Today's gastronomic culture could hardly be more different from that of our ancestors. Though it has to be said that the practice of eating hamburgers with our hands reminds us very literally of the customs and traditions of the Middle Ages and earlier. Cutlery has also undergone a considerable evolution too. Knives have always been around, however, and have always been used to cut and spear meat. Spoons were originally only used for serving, and in the west the use of the fork - a custom born in Byzantium which came to Europe via venice - was initially even considered to be ill-mannered! It goes without saying that a set of cutlery comprises more than just a knife, fork and spoon. As dishes became more varied, new implements were added to the range of tableware. In this unique book, a catalogue of the J. Hollander Collection - the most important in the field - the history of tableware and cutlery is illustrated by over 600 colour plates and hundreds of silver marks.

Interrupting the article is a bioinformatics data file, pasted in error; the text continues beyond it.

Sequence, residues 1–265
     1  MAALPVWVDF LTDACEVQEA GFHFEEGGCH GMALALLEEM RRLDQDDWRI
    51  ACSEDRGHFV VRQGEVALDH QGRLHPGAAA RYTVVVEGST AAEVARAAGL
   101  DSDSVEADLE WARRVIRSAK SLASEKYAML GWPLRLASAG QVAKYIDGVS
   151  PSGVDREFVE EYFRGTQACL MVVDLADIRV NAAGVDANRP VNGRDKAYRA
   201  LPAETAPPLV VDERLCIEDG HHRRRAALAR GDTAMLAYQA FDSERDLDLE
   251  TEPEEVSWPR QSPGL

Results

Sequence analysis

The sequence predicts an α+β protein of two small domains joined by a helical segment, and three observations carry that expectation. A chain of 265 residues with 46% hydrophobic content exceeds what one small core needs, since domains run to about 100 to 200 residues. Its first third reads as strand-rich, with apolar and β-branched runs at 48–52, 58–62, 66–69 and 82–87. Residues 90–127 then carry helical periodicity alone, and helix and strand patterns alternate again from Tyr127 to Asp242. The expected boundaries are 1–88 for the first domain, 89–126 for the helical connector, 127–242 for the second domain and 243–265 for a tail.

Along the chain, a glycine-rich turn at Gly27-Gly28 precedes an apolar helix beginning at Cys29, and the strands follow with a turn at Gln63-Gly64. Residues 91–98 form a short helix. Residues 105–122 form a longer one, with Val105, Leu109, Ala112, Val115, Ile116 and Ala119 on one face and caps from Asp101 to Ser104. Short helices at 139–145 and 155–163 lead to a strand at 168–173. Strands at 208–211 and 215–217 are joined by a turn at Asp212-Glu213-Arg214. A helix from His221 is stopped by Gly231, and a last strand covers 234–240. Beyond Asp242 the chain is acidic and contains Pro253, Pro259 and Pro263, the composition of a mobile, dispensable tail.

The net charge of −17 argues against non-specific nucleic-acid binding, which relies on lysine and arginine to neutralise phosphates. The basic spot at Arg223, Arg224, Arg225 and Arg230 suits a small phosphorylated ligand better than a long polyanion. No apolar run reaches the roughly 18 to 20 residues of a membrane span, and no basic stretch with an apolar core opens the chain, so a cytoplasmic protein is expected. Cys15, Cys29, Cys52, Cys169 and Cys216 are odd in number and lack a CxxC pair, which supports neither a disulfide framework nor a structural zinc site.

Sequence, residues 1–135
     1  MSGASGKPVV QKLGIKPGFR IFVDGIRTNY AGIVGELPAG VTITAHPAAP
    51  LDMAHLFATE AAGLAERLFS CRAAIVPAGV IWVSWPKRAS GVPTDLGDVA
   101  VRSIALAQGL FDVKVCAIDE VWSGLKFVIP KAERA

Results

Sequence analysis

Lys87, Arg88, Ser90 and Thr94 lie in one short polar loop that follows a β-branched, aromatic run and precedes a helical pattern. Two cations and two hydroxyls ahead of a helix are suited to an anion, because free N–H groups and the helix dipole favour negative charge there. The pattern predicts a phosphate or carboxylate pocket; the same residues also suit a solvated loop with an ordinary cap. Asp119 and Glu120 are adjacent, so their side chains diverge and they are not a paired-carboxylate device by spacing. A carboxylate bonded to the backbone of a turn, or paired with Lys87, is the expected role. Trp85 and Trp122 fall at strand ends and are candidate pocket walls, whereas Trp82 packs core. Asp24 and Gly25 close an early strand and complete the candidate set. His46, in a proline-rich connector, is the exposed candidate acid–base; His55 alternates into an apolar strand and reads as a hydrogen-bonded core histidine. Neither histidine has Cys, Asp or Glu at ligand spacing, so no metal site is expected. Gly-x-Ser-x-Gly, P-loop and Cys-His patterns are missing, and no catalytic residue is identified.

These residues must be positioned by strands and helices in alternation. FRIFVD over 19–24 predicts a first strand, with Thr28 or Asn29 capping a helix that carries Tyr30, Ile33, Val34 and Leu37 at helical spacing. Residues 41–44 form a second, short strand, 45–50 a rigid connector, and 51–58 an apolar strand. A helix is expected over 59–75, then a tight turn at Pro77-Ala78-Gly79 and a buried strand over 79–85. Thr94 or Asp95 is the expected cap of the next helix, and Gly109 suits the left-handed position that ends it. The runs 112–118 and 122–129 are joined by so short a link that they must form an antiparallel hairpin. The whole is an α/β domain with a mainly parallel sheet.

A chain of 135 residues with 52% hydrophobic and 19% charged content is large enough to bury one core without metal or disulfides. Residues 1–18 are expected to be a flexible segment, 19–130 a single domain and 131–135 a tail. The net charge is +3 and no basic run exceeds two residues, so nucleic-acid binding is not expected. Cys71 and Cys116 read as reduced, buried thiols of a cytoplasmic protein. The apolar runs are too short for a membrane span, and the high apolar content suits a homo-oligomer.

Jan van Trigt (1943) started his career as cataloguer with mark van Waay, the premier auction house in Amsterdam, where he worked for ten years. The fast stream of work of art he dealt with and described formed the basis for a very extensive grasp and knowledge of applied art and the Arts in general. After the Sotheby's take-over he focissed on silver, jewellery and non-European art. Since 1978 he has been an independent expert-valuer and researcher. In recent years he specialised in describing various important international collections. He is also involved in the acquisition of objects for these collectors.